Evaluation and Assessment
Student learning outcomes: Glass can be used in situations where it is difficult to observe student behavior. For example, problem based learning and active learning (flipped) classrooms often require students to work in teams. Given the number of teams working simultaneously in large classroom settings it is difficult to observe each one long enough to see the arc of their interaction. Students working in groups can wear and use Glass to record what has been going on for self-evaluation and instructor review. In another example, students can use Glass to do field work that is later shared with the class for dissection, discussion, and shared learning.
Detailed feedback: Glass videos can provide students with detailed and individualized feedback on their work, as demonstrated by Dr. Ralph Hall’s work with students in his undergraduate Sustainability Seminar in 2013. Students joined a private Google+ community for the course where they participated in online discussions (in addition to their normal in-class interactions), accessed course materials via a materials folder housed on Google Drive, and received in-depth recorded feedback on their assignments from Dr. Hall. The depth of feedback enabled by the use of Glass was supported by the experiences of other faculty who have used audio recording or other recording devices for giving feedback. In addition to instructor-provided feedback, a broader application of Glass might be for students to ask questions, request help, or provide feedback on their learning to instructors.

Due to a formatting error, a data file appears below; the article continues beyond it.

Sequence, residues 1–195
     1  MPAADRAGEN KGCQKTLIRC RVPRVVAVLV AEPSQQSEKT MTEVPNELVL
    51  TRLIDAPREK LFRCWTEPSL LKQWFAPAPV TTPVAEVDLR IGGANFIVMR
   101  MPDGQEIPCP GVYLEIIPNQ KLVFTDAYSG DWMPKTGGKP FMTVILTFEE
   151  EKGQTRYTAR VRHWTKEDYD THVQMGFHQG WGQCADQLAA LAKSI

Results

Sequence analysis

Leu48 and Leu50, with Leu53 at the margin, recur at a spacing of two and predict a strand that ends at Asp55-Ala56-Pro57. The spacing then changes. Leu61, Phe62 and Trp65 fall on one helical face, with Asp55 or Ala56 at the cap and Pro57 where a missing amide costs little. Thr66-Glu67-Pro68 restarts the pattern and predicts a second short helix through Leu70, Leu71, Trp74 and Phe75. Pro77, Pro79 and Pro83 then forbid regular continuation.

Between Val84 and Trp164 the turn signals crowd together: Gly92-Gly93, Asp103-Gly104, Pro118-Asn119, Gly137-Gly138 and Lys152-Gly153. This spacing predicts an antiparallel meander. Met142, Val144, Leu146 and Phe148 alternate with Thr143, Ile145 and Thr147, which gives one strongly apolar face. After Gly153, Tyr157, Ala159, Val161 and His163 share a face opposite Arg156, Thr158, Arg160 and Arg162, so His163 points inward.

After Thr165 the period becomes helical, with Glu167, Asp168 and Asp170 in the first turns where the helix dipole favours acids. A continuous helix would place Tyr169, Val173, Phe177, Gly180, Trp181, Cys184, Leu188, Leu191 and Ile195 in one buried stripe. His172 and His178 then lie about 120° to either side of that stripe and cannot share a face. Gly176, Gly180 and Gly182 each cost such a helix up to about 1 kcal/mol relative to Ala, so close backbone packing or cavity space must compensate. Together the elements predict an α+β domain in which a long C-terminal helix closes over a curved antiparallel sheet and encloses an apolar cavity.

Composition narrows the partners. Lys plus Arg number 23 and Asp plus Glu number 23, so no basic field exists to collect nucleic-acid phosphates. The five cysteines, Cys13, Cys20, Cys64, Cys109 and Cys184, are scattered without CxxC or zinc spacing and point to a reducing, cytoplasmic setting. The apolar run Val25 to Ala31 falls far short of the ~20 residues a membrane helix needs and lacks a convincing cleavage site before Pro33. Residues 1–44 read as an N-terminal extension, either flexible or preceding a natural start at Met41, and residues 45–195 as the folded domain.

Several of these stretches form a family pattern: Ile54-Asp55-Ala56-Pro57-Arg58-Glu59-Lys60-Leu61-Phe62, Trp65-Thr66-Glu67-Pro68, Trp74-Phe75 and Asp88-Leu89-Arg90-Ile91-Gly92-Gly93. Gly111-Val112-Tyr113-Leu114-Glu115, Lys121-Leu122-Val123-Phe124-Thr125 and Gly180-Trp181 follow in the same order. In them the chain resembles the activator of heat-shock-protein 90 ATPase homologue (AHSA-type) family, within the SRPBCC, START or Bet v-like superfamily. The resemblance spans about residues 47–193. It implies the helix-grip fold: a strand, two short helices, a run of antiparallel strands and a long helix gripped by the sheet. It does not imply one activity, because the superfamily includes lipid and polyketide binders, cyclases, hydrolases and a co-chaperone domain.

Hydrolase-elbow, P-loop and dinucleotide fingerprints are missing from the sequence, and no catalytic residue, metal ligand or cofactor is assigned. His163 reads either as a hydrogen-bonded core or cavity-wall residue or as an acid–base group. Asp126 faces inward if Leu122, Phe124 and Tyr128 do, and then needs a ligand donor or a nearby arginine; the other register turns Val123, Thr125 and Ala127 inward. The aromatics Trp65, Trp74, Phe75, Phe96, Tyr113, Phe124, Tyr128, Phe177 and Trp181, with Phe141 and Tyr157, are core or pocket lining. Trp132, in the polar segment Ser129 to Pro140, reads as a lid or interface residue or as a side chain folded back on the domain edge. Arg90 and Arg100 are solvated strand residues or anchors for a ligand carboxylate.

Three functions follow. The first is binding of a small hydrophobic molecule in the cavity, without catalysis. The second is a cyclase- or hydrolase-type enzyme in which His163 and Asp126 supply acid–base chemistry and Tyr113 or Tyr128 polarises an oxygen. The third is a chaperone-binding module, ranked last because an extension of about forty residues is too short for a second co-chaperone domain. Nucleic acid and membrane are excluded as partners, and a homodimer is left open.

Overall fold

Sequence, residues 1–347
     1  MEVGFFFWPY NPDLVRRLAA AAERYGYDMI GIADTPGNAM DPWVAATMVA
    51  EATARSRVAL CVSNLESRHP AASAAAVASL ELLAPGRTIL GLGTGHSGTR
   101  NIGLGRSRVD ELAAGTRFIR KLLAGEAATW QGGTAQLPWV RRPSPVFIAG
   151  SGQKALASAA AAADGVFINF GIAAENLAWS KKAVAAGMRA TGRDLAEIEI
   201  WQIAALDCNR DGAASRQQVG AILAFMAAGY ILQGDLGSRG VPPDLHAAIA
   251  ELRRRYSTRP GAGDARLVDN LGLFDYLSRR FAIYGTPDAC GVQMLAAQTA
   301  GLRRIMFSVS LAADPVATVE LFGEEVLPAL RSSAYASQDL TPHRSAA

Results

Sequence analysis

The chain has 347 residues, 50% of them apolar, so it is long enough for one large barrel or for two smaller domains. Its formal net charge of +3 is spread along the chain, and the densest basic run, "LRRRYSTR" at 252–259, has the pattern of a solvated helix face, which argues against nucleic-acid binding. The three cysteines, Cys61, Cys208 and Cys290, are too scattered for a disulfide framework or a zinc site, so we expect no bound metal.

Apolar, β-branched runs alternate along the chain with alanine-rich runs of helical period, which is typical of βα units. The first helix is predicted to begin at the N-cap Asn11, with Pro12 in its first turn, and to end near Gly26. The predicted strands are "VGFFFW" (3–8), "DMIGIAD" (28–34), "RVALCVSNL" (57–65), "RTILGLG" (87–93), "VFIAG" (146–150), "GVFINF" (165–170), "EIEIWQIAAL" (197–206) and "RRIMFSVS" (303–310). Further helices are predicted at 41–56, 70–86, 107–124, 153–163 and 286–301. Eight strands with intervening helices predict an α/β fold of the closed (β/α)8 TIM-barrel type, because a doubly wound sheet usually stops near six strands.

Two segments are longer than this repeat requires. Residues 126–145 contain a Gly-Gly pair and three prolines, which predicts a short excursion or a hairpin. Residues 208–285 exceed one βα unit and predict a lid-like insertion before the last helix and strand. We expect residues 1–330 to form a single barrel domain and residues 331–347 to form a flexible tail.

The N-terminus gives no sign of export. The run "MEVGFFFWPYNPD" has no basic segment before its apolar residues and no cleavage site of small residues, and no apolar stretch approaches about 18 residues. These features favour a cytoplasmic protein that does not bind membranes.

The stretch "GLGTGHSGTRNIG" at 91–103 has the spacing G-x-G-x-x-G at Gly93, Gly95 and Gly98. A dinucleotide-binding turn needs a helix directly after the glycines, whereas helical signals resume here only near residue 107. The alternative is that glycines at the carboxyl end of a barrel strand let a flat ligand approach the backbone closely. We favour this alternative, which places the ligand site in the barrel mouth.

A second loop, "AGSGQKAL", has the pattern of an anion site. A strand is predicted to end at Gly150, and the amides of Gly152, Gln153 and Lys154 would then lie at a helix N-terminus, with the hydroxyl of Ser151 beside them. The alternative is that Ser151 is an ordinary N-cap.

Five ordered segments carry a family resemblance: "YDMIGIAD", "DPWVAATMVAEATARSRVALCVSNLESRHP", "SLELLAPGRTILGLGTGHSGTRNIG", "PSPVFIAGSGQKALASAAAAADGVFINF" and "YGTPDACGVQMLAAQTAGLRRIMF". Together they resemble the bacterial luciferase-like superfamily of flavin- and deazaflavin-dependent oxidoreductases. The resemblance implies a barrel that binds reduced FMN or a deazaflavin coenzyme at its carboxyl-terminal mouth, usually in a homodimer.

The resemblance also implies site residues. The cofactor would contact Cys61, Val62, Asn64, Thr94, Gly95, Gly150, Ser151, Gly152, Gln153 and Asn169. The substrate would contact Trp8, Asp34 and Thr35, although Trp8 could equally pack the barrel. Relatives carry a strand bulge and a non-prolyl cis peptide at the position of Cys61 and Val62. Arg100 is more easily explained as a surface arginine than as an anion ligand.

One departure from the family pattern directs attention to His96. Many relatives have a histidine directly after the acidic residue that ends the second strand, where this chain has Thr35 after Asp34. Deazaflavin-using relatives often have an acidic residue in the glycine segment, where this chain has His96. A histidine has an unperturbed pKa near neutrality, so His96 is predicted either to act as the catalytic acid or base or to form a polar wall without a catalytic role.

Research and problem-solving:
Gathering data: Glass has the potential to be useful to researchers who need to take a series of topographic, location-based, or other real-world readings. Team members outfitted with Glass could be used to take “swarm measurements” with real-time feeds sent back to the base site to enable more rapid data collection and analysis
Problem-solving: Glass is very useful in noisy environments for reference and troubleshooting. For example, it was used as a communications utility to help resolve an issue in a datacenter. Using a Google+ Hangout, the bone conductive audio allowed for a Google+ Hangout with a remote participant in an extremely noisy environment. The remote attendee was able to see first-hand what was going on in the datacenter and quickly resolved a technology problem.